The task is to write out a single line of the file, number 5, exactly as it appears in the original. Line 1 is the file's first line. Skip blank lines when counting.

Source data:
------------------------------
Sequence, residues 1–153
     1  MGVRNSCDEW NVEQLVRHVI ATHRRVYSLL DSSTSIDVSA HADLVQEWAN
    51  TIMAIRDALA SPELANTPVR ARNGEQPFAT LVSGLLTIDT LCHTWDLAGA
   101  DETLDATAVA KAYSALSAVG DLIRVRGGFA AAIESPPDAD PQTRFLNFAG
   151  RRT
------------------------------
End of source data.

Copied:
   151  RRT